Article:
While we frequently on SBM target the worst abuses of science in medicine, it’s important to recognize that doing rigorous science is complex and mainstream scientists often fall short of the ideal. In fact, one of the advantages of exploring pseudoscience in medicine is developing a sensitive detector for errors in logic, method, and analysis. Many of the errors we point out in so-called “alternative” medicine also crop up elsewhere in medicine – although usually to a much less degree.
It is not uncommon, for example, for a paper to fail to adjust for multiple analysis – if you compare many variables you have to take that into consideration when doing the statistical analysis otherwise the probability of a chance correlation will be increased.
I discussed just yesterday on NeuroLogica the misapplication of meta-analysis – in this case to the question of whether or not CCSVI correlates with multiple sclerosis. I find this very common in the literature, essentially a failure to appreciate the limits of this particular analysis tool.
Another example comes recently from the journal Nature Neuroscience (an article I learned about from Ben Goldacre over at the Bad Science blog). Erroneous analyses of interactions in neuroscience: a problem of significance investigates the frequency of a subtle but important statistical error in high profile neuroscience journals.
The authors, Sander Nieuwenhuis, Birte U Forstmann, and Eric-Jan Wagenmakers, report:
We reviewed 513 behavioral, systems and cognitive neuroscience articles in five top-ranking journals (Science, Nature, Nature Neuroscience, Neuron and The Journal of Neuroscience) and found that 78 used the correct procedure and 79 used the incorrect procedure. An additional analysis suggests that incorrect analyses of interactions are even more common in cellular and molecular neuroscience.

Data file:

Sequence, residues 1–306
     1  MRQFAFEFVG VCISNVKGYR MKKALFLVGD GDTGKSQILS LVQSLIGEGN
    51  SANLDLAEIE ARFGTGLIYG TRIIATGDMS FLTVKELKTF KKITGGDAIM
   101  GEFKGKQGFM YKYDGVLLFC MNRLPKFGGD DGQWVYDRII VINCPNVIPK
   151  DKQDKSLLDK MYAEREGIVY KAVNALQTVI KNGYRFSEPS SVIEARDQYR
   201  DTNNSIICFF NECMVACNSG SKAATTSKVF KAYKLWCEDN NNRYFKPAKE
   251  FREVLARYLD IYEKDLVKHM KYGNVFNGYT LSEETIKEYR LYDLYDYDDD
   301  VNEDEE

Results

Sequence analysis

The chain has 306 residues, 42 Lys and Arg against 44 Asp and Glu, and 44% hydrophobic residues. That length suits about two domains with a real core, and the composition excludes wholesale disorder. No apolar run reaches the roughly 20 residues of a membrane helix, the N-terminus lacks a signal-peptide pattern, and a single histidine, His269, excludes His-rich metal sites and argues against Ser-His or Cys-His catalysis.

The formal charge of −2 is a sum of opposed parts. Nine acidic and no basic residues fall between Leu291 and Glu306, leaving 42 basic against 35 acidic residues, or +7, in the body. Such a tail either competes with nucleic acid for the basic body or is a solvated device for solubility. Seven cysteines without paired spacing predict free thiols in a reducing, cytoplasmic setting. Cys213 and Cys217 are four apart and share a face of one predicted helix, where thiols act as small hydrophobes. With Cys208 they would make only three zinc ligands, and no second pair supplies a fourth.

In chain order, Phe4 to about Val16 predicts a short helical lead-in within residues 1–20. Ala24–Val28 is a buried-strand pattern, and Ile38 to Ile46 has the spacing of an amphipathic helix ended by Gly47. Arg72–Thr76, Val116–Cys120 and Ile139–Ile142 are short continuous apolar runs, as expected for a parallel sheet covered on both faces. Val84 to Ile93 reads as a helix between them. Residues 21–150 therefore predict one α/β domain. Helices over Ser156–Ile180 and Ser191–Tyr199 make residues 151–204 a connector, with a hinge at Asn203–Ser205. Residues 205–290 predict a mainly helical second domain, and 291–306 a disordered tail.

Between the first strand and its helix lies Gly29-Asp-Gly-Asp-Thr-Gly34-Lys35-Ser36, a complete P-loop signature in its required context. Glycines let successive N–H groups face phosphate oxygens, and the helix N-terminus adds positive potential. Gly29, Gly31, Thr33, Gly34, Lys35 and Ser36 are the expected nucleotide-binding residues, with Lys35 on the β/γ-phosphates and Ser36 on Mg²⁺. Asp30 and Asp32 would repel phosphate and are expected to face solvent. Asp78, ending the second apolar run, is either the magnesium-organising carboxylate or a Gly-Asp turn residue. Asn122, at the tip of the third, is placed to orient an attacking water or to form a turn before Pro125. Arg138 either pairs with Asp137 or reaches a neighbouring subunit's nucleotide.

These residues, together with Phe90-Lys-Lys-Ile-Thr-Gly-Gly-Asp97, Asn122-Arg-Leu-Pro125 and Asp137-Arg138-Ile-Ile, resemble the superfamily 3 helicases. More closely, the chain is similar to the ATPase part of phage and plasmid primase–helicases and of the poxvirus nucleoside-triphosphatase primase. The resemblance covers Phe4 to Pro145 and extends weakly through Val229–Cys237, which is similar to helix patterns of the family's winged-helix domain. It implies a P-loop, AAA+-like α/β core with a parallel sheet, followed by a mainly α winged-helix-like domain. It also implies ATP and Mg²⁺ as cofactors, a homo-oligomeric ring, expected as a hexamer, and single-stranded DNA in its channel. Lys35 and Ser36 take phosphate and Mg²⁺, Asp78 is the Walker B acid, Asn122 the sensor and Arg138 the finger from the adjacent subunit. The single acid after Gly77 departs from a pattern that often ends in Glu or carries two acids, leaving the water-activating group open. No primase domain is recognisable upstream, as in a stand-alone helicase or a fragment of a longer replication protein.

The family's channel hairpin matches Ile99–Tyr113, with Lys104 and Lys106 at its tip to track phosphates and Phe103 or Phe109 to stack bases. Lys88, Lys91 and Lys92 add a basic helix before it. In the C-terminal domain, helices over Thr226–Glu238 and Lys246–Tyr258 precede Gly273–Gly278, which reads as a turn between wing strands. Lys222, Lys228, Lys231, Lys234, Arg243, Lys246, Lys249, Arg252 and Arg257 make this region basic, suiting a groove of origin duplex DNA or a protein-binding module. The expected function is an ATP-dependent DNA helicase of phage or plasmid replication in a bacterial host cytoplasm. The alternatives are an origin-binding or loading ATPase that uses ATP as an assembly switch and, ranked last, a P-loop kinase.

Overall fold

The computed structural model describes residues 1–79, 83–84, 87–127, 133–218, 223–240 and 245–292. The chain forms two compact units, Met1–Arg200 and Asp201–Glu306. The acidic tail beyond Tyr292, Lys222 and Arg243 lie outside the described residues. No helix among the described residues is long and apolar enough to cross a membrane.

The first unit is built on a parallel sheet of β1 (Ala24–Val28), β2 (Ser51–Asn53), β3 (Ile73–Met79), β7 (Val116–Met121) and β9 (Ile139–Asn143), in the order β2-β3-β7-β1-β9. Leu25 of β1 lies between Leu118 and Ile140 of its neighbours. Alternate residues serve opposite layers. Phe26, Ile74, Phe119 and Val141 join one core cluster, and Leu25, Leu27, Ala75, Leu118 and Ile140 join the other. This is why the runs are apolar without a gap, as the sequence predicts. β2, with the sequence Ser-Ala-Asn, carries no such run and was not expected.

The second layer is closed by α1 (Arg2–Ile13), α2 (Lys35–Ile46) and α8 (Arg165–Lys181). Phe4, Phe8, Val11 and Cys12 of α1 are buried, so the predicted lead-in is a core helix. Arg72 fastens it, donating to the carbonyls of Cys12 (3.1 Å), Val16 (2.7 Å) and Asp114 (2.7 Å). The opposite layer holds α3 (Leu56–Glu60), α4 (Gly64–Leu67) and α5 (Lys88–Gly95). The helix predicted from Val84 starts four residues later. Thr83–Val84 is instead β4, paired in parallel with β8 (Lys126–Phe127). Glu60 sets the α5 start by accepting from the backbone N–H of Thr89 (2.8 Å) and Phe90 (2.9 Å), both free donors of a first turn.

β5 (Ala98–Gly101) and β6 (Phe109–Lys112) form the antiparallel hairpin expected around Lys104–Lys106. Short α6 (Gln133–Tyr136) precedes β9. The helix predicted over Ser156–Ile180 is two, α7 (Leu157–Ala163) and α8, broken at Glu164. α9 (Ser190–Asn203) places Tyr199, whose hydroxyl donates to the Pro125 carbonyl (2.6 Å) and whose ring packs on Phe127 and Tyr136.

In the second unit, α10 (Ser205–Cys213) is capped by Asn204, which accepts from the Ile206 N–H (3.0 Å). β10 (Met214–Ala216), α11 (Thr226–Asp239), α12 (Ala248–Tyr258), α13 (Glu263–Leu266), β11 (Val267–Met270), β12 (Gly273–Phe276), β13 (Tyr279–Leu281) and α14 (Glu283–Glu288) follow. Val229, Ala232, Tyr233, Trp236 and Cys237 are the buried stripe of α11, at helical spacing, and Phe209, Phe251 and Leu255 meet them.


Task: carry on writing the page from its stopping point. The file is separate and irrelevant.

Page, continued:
The incorrect procedure is this – looking at the effects of an intervention to see if they are statistically significant when compared to a no-intervention group (whether it is rats, cells, or people). Then comparing a placebo intervention to the no-intervention group to see if it has a statistically significant effect. Then comparing the results. This seems superficially legitimate, but it isn’t.
For example, if the intervention produces a barely statistically significant effect, and the placebo produces a barely not statistically significant effect, the authors might still conclude that the intervention is statistically significantly superior to placebo. However, the proper comparison is to directly compare the differences to see if the difference of difference is itself statistically significant (which it likely won’t be in this example).
This is standard procedure, for example, in placebo-controlled medical trials – the treatment group is compared to the placebo group. But what more than half of the researchers were doing in the articles reviewed is to compare both groups to a no-intervention group but not comparing them to each other. This has the effect of creating the illusion of a statistically significant difference where none exists, or to create a false positive type of error (erroneously rejecting the null hypothesis).
The frequency of this error is huge, and there is no reason to believe that it is unique to neuroscience research or more common in neuroscience than in other areas of research.
I find this article to be very important, and I thought it deserved more play than it seems to be getting. Keeping to the highest standards of scientific rigor is critical in biomedical research. The authors do an important service in pointing out this error, and researchers, editors, and peer reviewers should take note. This should, in fact, be part of a check list that journal editors employ to ensure that submitted research uses legitimate methods. (And yes, this is a deliberate reference to The Checklist Manifesto – a powerful method for minimizing error.)
I would also point out that one of the authors on this article, Eric-Jan Wagenmakers, was the lead author on an interesting paper analyzing the psi research of Daryl Bem. (You can also listen to a very interesting interview I did with Wagenmakers on my podcast here.) To me this is an example of how it pays for mainstream scientists to pay attention to fringe science – not because the subject of the research itself is plausible or interesting, but because they often provide excellent examples of pathological science. Examining pathological science is a great way to learn what makes legitimate science legitimate, and also gives one a greater ability to detect logical and statistical errors in mainstream science.
What the Nieuwenhuis et.al. paper shows is that more scientists should be availing themselves of the learning opportunity afforded by analyzing pseudoscience.